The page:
Upon closer inspection, however, it’s worth asking whether we ought to pump the breaks on lauding the Big East as a historically great conference on account of its tourney bid quantity. To be sure, it’s folly to doubt the credentials of the league’s best outfit. Villanova has an ironclad case as a No. 1 seed, and it might well be the best team in the field. There’s also Butler, which is on track to earn a spot on the four- or five-line even after suffering a surprising loss to sputtering Xavier in the quarterfinals this week thanks to its assortment of quality wins and its apparently limitless supply of ‘Nova Kryptonite. And it would be a mistake to dismiss Creighton, which weathered a season-ending injury to its best player (Watson Jr.) to mount a run at a top-six seed. Still, the rest of the Big East’s group of likely tourney representatives is verifiably meh. Seton Hall, Providence, Xavier and Marquette all could wind up as 9-10 seeds or lower, if not out of the bracket altogether. Those four teams look safe, but they’re hovering in that bubble danger zone where a surprise inclusion or two from the committee, like Tulsa a year ago, could relegate one of them to the NIT.
Getting a lot of teams into the NCAA tournament is a big deal, but that number shouldn’t be dispositive when it comes to appraising conferences. Take the Big East of 2014–15, which had only one of its six tourney teams placed below a No. 6 seed, with those six squads posting an average efficiency margin of + 19.95. If we assume the Big East will deliver seven teams to the NCAAs this year, it seems certain that only two of them will be slotted as No. 6 seeds or higher (Villanova and Butler), and those seven teams’ average efficiency margin would come out to + 18.75. To get a better idea of where this year’s Big East stacks up against other conferences, let’s consider a metric used by John Gasaway called seed points, which assigns four points for every No. 1 seed a league earns, three for every No. 2, two for every No. 3 and one for every No. 4. The Big East’s best-case scenario in 2017 is five seed points. A conservative estimate for the ACC this year is 11. In 2009, the Big East earned 16 (yes, it was bigger back then). These comparisons are not meant to diminish the 2016–17 Big East’s standing, only to provide context around the acclamations you’ll probably hear from pundits tomorrow.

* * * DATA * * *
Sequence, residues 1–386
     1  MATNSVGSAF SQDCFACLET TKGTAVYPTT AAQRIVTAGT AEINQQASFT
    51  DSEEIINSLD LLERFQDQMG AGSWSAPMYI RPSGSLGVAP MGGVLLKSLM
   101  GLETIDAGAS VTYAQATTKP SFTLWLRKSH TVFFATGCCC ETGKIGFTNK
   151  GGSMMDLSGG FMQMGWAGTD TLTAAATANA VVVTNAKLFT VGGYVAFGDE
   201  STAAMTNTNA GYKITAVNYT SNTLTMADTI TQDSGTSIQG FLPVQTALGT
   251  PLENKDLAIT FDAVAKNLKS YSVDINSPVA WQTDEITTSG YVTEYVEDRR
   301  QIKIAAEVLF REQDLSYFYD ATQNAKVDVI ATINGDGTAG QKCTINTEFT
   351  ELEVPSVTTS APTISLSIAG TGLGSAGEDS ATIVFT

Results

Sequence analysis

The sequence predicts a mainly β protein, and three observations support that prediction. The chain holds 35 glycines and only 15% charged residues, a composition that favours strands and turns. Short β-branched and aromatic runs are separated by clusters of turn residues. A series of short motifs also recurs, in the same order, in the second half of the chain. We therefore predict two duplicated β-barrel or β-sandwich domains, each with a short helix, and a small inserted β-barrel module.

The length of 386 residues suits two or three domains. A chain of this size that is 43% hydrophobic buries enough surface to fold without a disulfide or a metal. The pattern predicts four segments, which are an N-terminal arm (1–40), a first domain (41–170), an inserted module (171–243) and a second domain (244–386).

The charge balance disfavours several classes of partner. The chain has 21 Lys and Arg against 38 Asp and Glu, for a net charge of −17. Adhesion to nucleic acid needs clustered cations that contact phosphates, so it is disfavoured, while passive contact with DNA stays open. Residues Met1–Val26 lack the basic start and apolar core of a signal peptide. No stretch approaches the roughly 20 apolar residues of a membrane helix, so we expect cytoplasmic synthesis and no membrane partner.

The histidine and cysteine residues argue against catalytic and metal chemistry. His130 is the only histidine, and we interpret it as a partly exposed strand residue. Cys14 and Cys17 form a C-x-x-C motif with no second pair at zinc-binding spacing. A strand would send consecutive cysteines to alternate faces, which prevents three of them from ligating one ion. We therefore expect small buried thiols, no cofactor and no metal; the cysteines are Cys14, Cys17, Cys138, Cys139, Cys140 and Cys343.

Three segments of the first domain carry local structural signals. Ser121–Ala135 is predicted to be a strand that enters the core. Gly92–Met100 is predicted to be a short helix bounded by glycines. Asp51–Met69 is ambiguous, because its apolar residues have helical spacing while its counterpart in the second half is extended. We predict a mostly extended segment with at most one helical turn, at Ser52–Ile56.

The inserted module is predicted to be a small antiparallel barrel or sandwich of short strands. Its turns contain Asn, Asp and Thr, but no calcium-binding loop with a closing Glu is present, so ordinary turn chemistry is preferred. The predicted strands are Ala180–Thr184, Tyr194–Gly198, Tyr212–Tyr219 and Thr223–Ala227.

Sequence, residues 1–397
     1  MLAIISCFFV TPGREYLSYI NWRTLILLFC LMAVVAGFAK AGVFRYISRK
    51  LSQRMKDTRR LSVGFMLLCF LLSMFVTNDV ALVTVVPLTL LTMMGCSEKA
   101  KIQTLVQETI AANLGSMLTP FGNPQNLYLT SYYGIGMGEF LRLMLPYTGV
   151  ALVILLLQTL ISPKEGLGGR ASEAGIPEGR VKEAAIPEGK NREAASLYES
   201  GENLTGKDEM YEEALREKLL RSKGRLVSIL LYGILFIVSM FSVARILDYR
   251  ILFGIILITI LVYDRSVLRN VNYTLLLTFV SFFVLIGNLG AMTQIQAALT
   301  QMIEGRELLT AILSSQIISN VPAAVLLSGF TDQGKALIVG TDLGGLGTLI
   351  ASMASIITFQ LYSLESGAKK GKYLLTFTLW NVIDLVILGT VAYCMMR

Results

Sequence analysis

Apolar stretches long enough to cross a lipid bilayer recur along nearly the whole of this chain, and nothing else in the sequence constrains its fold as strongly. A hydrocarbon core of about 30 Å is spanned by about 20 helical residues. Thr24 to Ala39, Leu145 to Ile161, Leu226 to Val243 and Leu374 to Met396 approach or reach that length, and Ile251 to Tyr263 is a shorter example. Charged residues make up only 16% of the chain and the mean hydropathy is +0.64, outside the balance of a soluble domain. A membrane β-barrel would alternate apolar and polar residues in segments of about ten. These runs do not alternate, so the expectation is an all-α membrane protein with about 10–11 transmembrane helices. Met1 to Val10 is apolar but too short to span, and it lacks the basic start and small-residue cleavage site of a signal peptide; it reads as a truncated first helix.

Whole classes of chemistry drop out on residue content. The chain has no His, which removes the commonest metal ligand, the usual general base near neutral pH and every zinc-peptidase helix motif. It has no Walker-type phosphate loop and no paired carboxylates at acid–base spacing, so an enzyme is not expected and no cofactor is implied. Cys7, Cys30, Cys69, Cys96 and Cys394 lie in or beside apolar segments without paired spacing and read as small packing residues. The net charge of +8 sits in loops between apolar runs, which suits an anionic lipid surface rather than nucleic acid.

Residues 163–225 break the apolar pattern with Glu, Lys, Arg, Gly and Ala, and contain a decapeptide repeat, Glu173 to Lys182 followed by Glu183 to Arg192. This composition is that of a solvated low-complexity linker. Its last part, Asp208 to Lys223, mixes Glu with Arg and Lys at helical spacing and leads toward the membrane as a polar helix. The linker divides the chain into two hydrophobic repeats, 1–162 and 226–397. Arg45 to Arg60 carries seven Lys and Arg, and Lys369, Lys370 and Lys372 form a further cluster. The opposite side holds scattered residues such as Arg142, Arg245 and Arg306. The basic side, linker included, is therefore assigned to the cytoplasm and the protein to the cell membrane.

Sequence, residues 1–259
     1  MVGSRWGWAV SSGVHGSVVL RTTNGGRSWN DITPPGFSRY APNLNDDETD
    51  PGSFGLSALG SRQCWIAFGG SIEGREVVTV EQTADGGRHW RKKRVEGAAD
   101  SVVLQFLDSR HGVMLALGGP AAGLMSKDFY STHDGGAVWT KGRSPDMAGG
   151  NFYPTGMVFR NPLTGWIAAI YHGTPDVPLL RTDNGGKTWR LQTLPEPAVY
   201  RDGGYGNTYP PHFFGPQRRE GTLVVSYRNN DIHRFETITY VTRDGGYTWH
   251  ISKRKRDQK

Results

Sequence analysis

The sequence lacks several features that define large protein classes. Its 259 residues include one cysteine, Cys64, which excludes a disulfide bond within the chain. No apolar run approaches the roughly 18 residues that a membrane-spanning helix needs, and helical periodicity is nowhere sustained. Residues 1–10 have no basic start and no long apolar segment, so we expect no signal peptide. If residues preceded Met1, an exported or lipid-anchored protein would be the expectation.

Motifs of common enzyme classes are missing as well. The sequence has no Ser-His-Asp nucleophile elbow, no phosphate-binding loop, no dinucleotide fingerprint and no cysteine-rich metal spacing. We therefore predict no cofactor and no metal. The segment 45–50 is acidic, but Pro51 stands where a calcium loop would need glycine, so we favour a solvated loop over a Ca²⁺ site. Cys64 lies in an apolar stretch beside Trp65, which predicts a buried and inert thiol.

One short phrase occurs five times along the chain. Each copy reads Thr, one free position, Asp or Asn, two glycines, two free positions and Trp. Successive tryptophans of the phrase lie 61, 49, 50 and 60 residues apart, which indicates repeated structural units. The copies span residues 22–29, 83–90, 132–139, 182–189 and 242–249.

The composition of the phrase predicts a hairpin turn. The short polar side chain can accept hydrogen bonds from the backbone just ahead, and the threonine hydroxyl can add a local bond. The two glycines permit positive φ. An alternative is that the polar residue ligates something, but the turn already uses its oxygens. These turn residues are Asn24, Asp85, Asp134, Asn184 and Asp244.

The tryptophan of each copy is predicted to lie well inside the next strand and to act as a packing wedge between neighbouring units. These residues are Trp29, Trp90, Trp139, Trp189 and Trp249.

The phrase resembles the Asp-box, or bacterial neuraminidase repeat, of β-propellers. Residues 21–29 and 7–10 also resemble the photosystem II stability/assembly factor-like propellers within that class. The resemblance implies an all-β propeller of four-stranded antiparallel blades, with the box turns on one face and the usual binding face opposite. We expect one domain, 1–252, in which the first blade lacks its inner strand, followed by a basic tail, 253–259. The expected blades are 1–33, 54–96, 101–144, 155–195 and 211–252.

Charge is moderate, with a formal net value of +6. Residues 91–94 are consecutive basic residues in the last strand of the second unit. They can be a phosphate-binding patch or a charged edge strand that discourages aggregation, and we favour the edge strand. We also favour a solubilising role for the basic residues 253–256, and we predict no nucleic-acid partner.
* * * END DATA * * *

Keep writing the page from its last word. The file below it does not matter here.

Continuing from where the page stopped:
It’s possible that we’ll look back on Selection Sunday and say that it didn’t tell us much of anything about how good the Big East is. If six of the league’s seven tourney teams get bounced in the round of 64, but Villanova wins it all, that could be framed as both a validation and indictment of the conference’s value. Conversely, all seven squads could reach the second weekend, but if neither the Wildcats nor the Bulldogs or anyone else from the Big East makes it to Phoenix, one could argue that the conference didn’t perform well on the biggest stage. Ultimately this matter won’t be resolved in the foreseeable future. A decisive outcome in the best conferences debate feels remote because there probably isn’t a right answer. There are only differing interpretations of a mountain of statistics and results and first-hand accounts from players and coaches and other pieces of evidence. The Big East has looked pretty great in 2017, and that notion probably will be reinforced tomorrow. But drawing a conclusion based solely on tourney bids is misguided. When trying to gauge a league’s place in the national and historical league hierarchy, the best course of action is to dig deeper.